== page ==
1. Mathilde A. Tagger holds an MA degree in Library and Information Sciences from the Hebrew University in Jerusalem. She has been deeply involved in Jewish genealogy both in Israel and abroad for the last twenty years, especially in the field of Sephardic genealogy. She has published numerous articles in various Jewish genealogical journals, including Sharsheret HaDorot (Israel); Revue du Cercle de Genealogie Juive (France); Etsi - Sephardi Genealogical and Historical Review (France); and AVOTAYNU (United States) and was co-author of Guidebook for Sephardic and Oriental Genealogical Sources in Israel, Avotaynu, 2006. She has built and published many databases, all available on www.sephardiccouncil.org/Research.hml. Very active for many years in the Israel Genealogical Society, she serves as their Sephardic SIG Coordinator. She was the Project Coordinator and member of the Jerusalem 2004 Jewish International Conference Board. See more at: http://www.sephardichorizons.org/Volume2/Issue3/aseo.html#sthash.6aDwyEdr.dpuf She has recently completed a major new database of Medieval Spanish Jewish Surnames.
2. The full results of this survey will be published sometime during the current year. For details see the Annex.
3. Often spelled Ça Porta or Çaporta or Saporta in documents dating from 1294 to 1386. For example, Catalan documents refer to Rabbi Moshe ben Nahman as"Bonastruc Ça Porta" (Bonastruc means 'good fortune') .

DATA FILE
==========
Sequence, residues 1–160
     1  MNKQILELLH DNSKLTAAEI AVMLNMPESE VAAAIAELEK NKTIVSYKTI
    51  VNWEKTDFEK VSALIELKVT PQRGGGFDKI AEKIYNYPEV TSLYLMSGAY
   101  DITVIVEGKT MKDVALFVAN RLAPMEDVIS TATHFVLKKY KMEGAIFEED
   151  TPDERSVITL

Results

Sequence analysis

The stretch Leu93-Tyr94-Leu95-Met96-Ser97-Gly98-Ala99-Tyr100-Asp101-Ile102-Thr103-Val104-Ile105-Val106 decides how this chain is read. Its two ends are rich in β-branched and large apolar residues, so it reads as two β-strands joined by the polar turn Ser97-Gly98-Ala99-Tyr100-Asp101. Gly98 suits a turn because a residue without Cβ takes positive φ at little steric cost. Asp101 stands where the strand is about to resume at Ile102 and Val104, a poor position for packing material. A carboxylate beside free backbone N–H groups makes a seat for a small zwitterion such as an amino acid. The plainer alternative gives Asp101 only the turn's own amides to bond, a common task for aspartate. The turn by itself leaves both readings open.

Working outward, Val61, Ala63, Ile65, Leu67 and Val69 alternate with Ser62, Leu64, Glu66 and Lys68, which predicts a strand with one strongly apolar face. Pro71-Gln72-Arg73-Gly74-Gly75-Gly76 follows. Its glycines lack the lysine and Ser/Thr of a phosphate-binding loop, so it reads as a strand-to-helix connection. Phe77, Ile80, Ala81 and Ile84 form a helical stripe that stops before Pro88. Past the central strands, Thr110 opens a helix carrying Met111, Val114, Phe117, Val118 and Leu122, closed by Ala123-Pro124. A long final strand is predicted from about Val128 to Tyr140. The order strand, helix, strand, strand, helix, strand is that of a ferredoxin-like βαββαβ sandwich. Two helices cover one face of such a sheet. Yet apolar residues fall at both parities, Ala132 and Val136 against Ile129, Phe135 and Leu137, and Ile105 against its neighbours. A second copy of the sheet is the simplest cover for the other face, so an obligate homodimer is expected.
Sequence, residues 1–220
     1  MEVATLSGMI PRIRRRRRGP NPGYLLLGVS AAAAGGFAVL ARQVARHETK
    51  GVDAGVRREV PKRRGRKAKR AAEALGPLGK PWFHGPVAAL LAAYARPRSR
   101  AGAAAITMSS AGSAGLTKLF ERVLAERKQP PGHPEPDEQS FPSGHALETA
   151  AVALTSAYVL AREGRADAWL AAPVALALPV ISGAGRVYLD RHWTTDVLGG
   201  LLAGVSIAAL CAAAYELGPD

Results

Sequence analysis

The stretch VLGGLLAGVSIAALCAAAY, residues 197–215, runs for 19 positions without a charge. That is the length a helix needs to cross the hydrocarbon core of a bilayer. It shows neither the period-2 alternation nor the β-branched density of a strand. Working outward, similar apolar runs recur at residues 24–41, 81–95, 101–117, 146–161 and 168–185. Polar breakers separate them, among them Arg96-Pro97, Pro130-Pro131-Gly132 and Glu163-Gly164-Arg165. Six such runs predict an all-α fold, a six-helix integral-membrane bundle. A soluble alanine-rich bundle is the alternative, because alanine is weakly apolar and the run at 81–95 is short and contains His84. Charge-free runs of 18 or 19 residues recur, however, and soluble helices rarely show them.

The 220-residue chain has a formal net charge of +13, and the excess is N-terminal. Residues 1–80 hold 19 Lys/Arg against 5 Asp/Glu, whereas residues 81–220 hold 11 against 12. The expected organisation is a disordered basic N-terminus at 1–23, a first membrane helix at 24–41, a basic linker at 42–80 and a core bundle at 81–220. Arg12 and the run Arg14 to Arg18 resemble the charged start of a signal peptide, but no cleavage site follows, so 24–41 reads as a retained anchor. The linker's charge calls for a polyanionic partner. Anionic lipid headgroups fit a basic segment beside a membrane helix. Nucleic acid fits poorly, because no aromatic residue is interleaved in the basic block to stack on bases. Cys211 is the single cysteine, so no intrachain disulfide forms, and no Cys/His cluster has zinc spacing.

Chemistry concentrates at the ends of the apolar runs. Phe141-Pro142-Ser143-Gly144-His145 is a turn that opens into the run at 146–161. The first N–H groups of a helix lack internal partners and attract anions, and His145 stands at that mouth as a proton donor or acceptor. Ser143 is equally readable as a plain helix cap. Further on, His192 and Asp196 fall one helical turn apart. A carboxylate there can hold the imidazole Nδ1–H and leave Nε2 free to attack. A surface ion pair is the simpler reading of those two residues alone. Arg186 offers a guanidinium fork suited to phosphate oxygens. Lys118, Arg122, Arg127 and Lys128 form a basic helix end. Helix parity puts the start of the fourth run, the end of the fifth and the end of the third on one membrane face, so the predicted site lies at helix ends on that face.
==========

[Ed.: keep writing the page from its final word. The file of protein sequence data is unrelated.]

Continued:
4. Taïeb gives as a variant of Chicheportiche, while Feiguenboim (2002) and Toledano (1999) list it as a separate name.
5. All these names are written in French. Phonetically the 'ch' in French needs to be read as 'sh' in English.
6. See bibliography.
7. The phrase 'seis portas' means 'six doors' in Portuguese, but the name existed already in 1252 in Catalonia, so this possibility has to be rejected.
8. The Arabic exact word is not given.
9. Family traditions are not always reliable sources of information and therefore must be handled cautiously. By way of illustration, the Toledano family whose members mainly settled in Meknes, Morocco, after a short stay in Salonica following the expulsion from Spain claims that the name is a combination of the words "Toledo" and "no" meaning "Toledo, not anymore, we will never return there" (Family tradition reported by Toledano, p.306). No one knows when or where this "oath" took place for the first time. It seems that here Toledo was used as a symbol for Spain. Yet the author located 23 Jews named Toledano who lived in various locations in Spain between 1282 and 1492. (see: supra no.1)
10. Order is for Division or Chapter.
11. Alberch I Figueras, 2003.
12. Supra no1.
13. Juceff Ça Porta lived in Barcelona in 1385 (Madurell Marimon, 1956).
14. Isaac Saporta lived in Lérida in 1326 (Marcó i Dachs, 1985).
15. Abraham Sas Portas lived in Majorca in 1391.(Kayserling, 1964).
16. Moses Ses Portes lived in Mallorca in 1327 (Lacave, 2002) and Isaac Sesportes lived in 1385 in Mallorca (Perez i Pons, 2006).
17. Those interested in a specific name can contact the author for more precise references.